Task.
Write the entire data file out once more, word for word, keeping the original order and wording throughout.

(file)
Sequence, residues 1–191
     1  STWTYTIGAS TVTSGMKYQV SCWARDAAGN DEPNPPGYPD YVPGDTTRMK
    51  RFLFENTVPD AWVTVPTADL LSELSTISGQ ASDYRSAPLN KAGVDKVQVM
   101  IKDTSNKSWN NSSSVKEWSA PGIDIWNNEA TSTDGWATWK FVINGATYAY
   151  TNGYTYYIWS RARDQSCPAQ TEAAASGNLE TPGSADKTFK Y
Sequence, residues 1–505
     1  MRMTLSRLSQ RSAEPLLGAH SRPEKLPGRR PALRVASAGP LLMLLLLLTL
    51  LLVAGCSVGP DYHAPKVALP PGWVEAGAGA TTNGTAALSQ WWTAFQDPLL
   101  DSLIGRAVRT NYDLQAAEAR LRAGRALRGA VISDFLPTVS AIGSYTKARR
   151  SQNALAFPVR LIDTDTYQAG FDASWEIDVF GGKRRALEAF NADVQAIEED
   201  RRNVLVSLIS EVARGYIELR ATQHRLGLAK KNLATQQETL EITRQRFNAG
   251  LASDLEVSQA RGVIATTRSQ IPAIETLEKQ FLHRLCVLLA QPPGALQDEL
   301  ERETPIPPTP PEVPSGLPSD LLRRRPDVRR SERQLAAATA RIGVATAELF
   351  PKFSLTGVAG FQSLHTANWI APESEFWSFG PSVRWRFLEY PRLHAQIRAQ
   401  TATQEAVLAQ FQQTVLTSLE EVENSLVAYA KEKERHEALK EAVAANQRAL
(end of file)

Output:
Sequence, residues 1–191
     1  STWTYTIGAS TVTSGMKYQV SCWARDAAGN DEPNPPGYPD YVPGDTTRMK
    51  RFLFENTVPD AWVTVPTADL LSELSTISGQ ASDYRSAPLN KAGVDKVQVM
   101  IKDTSNKSWN NSSSVKEWSA PGIDIWNNEA TSTDGWATWK FVINGATYAY
   151  TNGYTYYIWS RARDQSCPAQ TEAAASGNLE TPGSADKTFK Y
Sequence, residues 1–505
     1  MRMTLSRLSQ RSAEPLLGAH SRPEKLPGRR PALRVASAGP LLMLLLLLTL
    51  LLVAGCSVGP DYHAPKVALP PGWVEAGAGA TTNGTAALSQ WWTAFQDPLL
   101  DSLIGRAVRT NYDLQAAEAR LRAGRALRGA VISDFLPTVS AIGSYTKARR
   151  SQNALAFPVR LIDTDTYQAG FDASWEIDVF GGKRRALEAF NADVQAIEED
   201  RRNVLVSLIS EVARGYIELR ATQHRLGLAK KNLATQQETL EITRQRFNAG
   251  LASDLEVSQA RGVIATTRSQ IPAIETLEKQ FLHRLCVLLA QPPGALQDEL
   301  ERETPIPPTP PEVPSGLPSD LLRRRPDVRR SERQLAAATA RIGVATAELF
   351  PKFSLTGVAG FQSLHTANWI APESEFWSFG PSVRWRFLEY PRLHAQIRAQ
   401  TATQEAVLAQ FQQTVLTSLE EVENSLVAYA KEKERHEALK EAVAANQRAL